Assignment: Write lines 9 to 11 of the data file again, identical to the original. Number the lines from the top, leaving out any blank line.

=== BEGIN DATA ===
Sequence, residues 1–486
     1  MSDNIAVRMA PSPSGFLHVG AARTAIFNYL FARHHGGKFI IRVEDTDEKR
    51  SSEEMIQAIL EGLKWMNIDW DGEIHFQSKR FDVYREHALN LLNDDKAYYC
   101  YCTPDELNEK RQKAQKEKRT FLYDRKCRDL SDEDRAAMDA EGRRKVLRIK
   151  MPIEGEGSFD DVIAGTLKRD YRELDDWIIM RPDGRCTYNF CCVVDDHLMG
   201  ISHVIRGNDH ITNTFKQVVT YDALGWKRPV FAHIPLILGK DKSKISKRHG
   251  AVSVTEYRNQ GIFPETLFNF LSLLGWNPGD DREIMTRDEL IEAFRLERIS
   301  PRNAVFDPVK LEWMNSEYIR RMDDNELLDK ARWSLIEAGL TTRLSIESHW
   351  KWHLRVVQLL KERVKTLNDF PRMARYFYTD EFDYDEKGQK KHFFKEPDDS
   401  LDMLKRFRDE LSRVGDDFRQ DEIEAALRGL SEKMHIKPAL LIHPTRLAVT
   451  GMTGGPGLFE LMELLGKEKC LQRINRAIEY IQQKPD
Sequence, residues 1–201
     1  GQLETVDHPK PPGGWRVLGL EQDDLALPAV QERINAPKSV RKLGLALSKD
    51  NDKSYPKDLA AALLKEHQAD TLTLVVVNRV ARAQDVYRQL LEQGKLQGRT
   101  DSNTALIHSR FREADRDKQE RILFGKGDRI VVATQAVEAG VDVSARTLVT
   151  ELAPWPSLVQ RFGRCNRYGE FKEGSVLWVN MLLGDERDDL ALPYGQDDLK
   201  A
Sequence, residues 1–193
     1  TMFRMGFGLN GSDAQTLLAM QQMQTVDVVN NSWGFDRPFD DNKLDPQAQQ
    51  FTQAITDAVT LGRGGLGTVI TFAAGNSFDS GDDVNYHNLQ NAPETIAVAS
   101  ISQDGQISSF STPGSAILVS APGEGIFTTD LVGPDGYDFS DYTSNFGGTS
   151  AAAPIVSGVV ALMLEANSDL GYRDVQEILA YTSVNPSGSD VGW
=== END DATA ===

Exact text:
   351  KWHLRVVQLL KERVKTLNDF PRMARYFYTD EFDYDEKGQK KHFFKEPDDS
   401  LDMLKRFRDE LSRVGDDFRQ DEIEAALRGL SEKMHIKPAL LIHPTRLAVT
   451  GMTGGPGLFE LMELLGKEKC LQRINRAIEY IQQKPD